About ~uint256(0)

uint256 private constant MAX = ~uint256(0);
uint256 private constant _tTotal = 10 * 10**6 * 10**9;
uint256 private _rTotal = (MAX - (MAX % _tTotal));

What is the value of the MAX and _rTotal constants?
I couldn’t understand the MAX constant :frowning:

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Hi, means bitwise negation, so ~uint256(0) = 2**256-1, that is the max value in the type of uint256, and these are just some mathematical calculations, if you do not know, you can deploy the contract to see the final result:

uint256 public constant MAX = ~uint256(0);
uint256 public constant _tTotal = 10 * 10**6 * 10**9;
uint256 public _rTotal = (MAX - (MAX % _tTotal));

So the results are:

MAX = 115792089237316195423570985008687907853269984665640564039457584007913129639935
_tTotal = 10000000000000000
_rTotal = 115792089237316195423570985008687907853269984665640564039457580000000000000000
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Where can I check the value of these constants while writing the contract?

for example:

console.log(MAX)
print(MAX)
echo(MAX)

What should I do if I want to see the result as defined as?

I am still in the first hours so I am very inexperienced :slight_smile:
what should be in a developer’s bag? Which tools and what are their functions?

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You can use console.log, https://medium.com/nomic-labs-blog/better-solidity-debugging-console-log-is-finally-here-fc66c54f2c4a, but now, this plugin renamed hardhat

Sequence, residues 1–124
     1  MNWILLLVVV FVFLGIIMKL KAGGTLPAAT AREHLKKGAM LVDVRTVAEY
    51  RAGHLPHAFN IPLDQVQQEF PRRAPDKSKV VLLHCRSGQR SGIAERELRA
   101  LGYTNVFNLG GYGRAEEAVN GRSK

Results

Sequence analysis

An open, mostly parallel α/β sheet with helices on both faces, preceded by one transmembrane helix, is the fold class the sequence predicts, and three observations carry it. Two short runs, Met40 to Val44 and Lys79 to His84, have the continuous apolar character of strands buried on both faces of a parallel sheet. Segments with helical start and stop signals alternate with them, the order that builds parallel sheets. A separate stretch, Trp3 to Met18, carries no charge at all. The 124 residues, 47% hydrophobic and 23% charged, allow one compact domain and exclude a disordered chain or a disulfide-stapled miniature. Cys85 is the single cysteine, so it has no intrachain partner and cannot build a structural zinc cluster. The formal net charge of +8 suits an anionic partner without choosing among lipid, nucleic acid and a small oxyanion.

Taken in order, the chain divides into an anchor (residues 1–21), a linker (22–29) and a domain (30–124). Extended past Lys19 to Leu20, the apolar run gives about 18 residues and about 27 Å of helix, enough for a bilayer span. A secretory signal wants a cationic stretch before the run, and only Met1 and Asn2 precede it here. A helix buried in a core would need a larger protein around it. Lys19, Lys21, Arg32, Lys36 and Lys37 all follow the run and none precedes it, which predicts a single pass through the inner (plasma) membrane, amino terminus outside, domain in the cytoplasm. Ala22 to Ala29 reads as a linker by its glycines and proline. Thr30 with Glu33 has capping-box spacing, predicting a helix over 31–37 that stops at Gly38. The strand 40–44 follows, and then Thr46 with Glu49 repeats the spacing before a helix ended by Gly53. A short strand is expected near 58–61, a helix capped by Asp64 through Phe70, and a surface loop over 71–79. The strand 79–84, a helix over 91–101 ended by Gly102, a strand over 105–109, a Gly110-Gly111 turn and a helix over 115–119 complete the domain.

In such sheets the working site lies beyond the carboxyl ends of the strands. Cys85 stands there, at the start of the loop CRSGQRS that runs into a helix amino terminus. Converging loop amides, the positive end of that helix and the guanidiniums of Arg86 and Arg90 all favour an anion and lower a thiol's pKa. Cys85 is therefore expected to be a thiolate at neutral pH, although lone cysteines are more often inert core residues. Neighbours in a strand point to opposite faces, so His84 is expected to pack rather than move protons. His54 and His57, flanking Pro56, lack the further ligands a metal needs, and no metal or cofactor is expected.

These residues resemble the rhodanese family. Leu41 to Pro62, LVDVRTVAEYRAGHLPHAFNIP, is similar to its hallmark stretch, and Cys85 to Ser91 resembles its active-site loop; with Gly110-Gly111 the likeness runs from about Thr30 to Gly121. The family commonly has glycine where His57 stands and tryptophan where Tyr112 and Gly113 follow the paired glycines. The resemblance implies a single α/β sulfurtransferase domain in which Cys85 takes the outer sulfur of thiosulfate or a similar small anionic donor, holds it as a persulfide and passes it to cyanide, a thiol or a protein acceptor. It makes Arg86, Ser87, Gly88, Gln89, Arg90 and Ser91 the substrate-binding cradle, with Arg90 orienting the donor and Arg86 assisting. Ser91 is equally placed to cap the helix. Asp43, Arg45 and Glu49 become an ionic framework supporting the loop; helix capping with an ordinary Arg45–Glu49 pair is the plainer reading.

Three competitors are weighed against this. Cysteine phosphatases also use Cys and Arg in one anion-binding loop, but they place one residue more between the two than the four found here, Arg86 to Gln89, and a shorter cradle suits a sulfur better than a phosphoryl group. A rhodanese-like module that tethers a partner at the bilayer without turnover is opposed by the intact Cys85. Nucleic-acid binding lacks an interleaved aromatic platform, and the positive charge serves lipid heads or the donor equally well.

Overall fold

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thank you so much. Let’s see how the result will be :slight_smile:

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3 posts were merged into an existing topic: What does Reflect.Finance code do: _rTotal = (MAX - (MAX % totalSupplyOfToken));

Any special reason why it’s calculated like this:
uint256 public constant _tTotal = 10 * 10**6 * 10**9;

And not like this:
10*24 ?

Maybe token decimals is 9, so use 10**9
initial amount is 10 Million, so use 10 * 10**6

Yeah, of course, you can use 10**24, it depends on you, but you should know what does this number mean exactly.

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Yeah.
I figured it out as well and I think I’ll stick with the more common way (10**9 * 10**6 * 10**9)

I seem to forget one 10**9 from my question as well (I’m currently studying a contract (EverRise) with 9 decimals and 1000000000 * 10**6 * 10**9 digits :sweat_smile: :man_facepalming:

I didn’t first realize that the 10**9 was about the decimals, but now it makes more sense.
Thanks for that tip!

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